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Monday, September 6, 2010

The Advocate's Drive - a Need to Win or Avoid a Loss

Commanded by Blog Master Behan to write something that connected summer to advocacy I winced as I read the various well thought out, eminently reasonable contributions about advocacy from sundry bloggers these past few weeks.

My wincing was a form of avoidance. Unable to match the seriousness of their topics and the elegance of their writing I feared the inevitable, adverse comparisons.

While searching for an escape or, failing that, a topic that made me a very, very small target, I reviewed my collection of advocacy titbits. These are pages that I have torn from casefiles, textbooks, and course notes these past two decades because the text captured my attention, gave me a new insight, or demanded some reflection by me.

I found, and it was a surprise, that when I sorted out all these scrappy notes the dominant topic was the need to note down an insight that might be needed again (be it an evidentiary foundation, or an instruction on how to achieve some questioning purpose, or how to accentuate an aspect of personal style), and then to collect those notes in a manner that ensured they were easily found when needed. (How lucky are today’s advocates with the search routines that are just taken for granted. Indexing is a task of the past. Search by term and all your discreet references come together on one, new screen page.)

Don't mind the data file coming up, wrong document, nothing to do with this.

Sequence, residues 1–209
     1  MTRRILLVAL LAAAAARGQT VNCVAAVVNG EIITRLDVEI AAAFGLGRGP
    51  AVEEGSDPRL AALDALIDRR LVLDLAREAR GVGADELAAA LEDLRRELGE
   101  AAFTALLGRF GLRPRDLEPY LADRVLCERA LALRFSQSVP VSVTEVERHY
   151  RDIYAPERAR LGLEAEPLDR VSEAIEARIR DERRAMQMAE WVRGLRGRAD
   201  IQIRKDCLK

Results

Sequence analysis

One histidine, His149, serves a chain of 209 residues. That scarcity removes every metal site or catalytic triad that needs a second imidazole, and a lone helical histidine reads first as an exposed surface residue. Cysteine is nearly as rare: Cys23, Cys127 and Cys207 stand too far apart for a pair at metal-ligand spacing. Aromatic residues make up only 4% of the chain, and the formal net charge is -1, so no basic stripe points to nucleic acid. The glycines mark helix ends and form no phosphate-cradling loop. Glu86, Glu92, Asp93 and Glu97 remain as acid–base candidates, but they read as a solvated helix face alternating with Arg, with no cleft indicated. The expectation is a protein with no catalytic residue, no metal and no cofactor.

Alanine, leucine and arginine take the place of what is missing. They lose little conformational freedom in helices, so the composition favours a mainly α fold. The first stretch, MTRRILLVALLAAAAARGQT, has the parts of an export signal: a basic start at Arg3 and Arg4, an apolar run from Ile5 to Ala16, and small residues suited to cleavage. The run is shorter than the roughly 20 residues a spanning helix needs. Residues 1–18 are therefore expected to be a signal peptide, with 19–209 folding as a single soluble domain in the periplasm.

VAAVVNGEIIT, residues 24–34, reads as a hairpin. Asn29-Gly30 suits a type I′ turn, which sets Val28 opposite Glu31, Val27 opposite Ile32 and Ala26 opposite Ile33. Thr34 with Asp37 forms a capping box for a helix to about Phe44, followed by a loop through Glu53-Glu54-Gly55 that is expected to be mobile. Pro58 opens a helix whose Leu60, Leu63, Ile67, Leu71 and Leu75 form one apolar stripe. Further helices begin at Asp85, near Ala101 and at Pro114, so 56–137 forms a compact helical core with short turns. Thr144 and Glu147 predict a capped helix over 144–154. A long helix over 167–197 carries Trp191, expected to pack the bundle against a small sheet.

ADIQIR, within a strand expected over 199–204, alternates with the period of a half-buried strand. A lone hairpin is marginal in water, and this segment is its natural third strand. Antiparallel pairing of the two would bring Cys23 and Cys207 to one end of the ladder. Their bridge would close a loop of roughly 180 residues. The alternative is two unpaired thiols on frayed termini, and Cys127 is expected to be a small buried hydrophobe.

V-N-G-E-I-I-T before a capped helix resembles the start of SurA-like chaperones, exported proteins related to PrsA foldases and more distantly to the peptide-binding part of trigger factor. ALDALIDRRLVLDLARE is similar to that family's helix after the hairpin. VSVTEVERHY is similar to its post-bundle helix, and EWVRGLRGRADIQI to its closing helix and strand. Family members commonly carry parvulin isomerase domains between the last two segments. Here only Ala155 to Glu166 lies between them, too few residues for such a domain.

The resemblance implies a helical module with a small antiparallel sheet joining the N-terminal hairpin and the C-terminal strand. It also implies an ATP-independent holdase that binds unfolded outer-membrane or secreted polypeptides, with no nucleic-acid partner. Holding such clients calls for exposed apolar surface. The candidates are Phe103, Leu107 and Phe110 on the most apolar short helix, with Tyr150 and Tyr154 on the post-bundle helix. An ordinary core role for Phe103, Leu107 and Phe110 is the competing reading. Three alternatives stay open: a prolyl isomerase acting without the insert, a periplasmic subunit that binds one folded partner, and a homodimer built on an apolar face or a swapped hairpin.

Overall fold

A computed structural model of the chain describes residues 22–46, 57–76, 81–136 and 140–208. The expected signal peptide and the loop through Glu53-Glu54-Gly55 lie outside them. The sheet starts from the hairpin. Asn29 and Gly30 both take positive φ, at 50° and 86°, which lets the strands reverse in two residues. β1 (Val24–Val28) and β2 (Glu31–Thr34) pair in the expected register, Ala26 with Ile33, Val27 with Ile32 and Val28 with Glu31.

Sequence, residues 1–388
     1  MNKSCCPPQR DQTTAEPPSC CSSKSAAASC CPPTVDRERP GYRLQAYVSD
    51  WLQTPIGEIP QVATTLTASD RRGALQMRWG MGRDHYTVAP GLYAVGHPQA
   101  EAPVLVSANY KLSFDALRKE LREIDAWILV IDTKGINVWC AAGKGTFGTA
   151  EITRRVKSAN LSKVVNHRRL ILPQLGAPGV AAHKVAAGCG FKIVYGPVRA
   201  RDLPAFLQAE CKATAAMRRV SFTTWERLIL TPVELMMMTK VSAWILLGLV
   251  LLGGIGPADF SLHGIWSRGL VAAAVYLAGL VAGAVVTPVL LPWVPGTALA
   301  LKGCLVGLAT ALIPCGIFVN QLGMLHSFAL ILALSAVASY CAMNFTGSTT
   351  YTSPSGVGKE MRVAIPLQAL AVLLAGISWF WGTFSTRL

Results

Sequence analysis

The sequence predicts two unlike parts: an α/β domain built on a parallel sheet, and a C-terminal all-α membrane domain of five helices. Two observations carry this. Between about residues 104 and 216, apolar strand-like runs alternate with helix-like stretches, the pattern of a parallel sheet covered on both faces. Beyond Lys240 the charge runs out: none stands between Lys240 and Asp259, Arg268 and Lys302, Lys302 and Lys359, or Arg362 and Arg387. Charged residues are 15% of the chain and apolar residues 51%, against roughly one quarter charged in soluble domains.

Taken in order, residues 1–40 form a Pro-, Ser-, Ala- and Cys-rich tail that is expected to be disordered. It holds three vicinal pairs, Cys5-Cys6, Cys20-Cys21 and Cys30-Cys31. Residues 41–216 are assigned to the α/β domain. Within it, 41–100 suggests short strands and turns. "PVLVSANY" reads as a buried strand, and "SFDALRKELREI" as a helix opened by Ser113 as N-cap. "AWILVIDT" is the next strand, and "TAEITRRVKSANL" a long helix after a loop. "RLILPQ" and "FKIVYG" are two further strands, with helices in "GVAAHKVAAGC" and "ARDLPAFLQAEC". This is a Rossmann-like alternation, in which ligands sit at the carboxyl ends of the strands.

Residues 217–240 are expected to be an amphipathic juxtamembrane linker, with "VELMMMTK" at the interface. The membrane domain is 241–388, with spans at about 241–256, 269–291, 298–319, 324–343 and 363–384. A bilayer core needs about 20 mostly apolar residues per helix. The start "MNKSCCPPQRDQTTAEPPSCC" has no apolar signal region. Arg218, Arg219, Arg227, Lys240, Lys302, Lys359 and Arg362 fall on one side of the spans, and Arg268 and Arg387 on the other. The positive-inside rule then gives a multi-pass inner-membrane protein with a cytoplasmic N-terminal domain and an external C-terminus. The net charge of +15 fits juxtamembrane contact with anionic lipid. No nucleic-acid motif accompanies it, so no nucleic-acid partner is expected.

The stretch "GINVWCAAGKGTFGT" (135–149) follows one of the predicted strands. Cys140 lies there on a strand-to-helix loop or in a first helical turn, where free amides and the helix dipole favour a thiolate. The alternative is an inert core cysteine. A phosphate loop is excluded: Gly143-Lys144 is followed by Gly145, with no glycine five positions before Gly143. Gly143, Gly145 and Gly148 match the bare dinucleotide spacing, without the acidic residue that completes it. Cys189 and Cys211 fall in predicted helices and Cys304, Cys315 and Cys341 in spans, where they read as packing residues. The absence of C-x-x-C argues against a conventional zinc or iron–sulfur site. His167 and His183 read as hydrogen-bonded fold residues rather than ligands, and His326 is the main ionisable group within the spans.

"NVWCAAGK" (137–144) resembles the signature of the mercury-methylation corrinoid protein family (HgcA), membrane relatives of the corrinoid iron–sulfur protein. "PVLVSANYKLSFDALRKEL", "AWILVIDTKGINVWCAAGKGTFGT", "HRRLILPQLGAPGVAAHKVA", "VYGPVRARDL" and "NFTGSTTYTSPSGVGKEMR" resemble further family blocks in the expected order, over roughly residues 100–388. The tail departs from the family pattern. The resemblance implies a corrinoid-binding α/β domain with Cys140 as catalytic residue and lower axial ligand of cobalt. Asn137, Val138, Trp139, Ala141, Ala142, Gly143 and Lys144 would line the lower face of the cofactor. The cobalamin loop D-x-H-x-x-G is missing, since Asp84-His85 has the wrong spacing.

The result is my Book of Advocacy Tips and I’m ever so grateful for the work of various writers who have made invaluable suggestions for it. Without it I will not produce a good trial notebook, or efficient preparation, and I will lack a sense of security that my preparation and delivery will be adequate.

On the matter of ‘adequacy’ I was co-teaching an advocacy class very recently. My colleague, an excellent teacher and a good advocate, gave away his place on the path of life by telling the class that, “Of course, you have to make yourself believe you can win. Lacking that determination you can’t be persuasive”. I didn’t interrupt, nor did I correct. After all he’s entitled to be wrong for at least another twenty years. During that time he’ll find the wisdom that the important aim is to minimise the extent of any loss. This requires considerable attention to persuasion. It is often more than adequate. Winning is just a bonus.

Another reason to leave well alone was that his ignorant audience of eager, young students, think as he does: winning is everything. Winning makes it right. He was, no doubt unconsciously, meeting their need to have their emotional demands approved. Now if he or I had just taken his comment and used it to drive home the point that figuring out and meeting the needs and wants of the various audiences is a critical component in all persuasion - then that would have been truly effective teaching. Sadly, as so often happens in real life advocacy and in advocacy teaching, it is Ol Hindsight who seems to know best.

It was he who told me to keep it short. ‘The readers will come back if you’re not a bore’, he said. ‘ And, if you are a bore, let em off early.’ So off you go. I’ll be back.

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